Review: Crime and Punishment
“Crime and Punishment” may appear depressing at a first glance, but actually I think Dostoevsky’s view of human nature is rather optimistic here. Among the many subjects tackled by this book, I could see a couple of ideas that seem to pop up repeatedly in different characters’ stories:
1) Everyone can be a master of their own destiny, as long as they have the determination, faith and courage to endure some suffering along the way. (view spoiler)[Sonya the prostitute manages to find a purpose in life just by having faith and persistence; her mother manages to stay alive and take care of her children against all odds, until she personally decides to give up and abandons her belief in God and in herself. Marmeladov loses his job and his life not because of unlucky circumstances, but because of his own weakness. Razumikhin does not have any money, power, or influence, but gets along and successfully helps the people he cares about, because of his persistence and positive outlook. Porfiry solves the crime because of his dedication to his work, even when he has no witnesses or evidence to work with. (hide spoiler)]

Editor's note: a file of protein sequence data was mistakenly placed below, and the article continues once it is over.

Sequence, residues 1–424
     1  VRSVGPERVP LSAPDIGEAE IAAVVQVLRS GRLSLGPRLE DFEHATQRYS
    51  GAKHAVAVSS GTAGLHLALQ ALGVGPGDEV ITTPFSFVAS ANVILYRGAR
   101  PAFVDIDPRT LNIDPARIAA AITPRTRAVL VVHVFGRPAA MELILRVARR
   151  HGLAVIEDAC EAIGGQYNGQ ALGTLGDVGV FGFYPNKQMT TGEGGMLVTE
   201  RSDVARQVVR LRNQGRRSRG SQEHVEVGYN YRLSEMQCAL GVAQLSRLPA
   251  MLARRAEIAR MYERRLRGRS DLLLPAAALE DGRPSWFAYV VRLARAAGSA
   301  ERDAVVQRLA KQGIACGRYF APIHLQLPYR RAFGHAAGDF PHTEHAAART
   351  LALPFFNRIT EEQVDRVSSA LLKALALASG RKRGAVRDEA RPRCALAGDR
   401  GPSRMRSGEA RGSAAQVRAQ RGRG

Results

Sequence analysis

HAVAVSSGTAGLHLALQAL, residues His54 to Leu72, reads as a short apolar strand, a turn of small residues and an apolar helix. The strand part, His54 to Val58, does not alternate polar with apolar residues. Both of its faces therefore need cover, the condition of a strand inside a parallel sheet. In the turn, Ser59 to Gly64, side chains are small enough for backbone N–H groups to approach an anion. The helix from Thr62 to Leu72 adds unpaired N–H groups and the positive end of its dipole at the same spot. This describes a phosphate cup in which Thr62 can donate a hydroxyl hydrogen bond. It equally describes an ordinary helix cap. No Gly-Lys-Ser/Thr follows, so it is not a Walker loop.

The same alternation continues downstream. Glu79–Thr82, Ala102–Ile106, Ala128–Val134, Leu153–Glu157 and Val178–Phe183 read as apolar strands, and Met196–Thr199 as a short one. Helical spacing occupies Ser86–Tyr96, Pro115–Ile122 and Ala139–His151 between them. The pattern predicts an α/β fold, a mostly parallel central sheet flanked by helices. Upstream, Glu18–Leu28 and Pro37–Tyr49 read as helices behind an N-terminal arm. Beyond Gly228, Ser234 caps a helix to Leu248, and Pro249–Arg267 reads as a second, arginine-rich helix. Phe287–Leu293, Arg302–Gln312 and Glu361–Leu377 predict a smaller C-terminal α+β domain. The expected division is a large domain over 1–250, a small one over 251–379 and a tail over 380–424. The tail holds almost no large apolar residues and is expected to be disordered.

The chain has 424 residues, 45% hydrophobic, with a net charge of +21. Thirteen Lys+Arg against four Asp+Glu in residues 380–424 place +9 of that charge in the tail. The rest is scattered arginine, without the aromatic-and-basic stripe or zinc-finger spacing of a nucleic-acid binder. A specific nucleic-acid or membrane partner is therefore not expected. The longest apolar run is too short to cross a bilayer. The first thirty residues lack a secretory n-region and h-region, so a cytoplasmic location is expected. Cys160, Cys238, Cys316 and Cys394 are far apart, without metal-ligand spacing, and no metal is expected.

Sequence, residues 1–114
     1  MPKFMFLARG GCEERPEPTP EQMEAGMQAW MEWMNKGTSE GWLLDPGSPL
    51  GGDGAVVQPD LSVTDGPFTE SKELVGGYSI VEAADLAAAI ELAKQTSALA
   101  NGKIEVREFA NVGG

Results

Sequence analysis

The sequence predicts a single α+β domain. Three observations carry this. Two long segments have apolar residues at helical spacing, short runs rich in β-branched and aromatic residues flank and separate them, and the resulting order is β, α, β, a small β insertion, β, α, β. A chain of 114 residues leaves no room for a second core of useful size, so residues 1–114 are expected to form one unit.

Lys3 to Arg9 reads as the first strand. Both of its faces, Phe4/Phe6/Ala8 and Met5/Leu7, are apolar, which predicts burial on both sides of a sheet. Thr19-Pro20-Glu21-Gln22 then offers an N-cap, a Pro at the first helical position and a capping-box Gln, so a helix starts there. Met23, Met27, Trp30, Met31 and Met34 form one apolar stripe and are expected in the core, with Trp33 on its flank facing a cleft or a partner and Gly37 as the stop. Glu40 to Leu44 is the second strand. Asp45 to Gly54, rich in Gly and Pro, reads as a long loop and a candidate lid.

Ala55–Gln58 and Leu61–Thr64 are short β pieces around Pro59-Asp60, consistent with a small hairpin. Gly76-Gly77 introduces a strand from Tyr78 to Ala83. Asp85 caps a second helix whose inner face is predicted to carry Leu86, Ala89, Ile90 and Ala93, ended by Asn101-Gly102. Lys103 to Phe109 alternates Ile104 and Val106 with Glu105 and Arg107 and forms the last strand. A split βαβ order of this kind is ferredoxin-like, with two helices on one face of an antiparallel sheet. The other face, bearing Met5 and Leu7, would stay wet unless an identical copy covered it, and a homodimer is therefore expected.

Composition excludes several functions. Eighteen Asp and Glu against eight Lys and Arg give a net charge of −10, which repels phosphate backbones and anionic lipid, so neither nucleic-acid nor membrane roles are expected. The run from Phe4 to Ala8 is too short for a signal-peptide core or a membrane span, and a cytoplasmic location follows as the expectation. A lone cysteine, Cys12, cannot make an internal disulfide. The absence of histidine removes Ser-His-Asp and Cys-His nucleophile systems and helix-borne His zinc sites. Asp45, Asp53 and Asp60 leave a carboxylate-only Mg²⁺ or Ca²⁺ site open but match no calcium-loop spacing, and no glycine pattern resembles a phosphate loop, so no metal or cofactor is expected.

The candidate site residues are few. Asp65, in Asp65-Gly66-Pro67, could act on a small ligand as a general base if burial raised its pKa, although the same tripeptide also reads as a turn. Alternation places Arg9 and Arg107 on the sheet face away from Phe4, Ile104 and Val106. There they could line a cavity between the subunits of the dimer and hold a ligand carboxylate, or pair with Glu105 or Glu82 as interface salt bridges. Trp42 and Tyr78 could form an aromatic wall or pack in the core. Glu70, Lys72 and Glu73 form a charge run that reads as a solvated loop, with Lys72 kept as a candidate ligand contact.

2) However, nobody can control another person’s destiny; if they try, they will fail. (view spoiler)[Luzhin tries to trick and manipulate Dunya into marrying and worshipping him; he fails. Svidrigaylov tries to use force to obtain what he wants, and fails. Raskolnikov tries to prove he has the right to decide who lives and who dies, and fails. (hide spoiler)] What’s interesting is that, ultimately, their failure is not caused by some external factor, deus ex machina or whatever. They personally set themselves up for failure – they make mistakes and fail even though they have the intelligence and power to carry out their plans perfectly. It’s as if people are genetically wired to mess up when doing something that they, deep inside, know is wrong.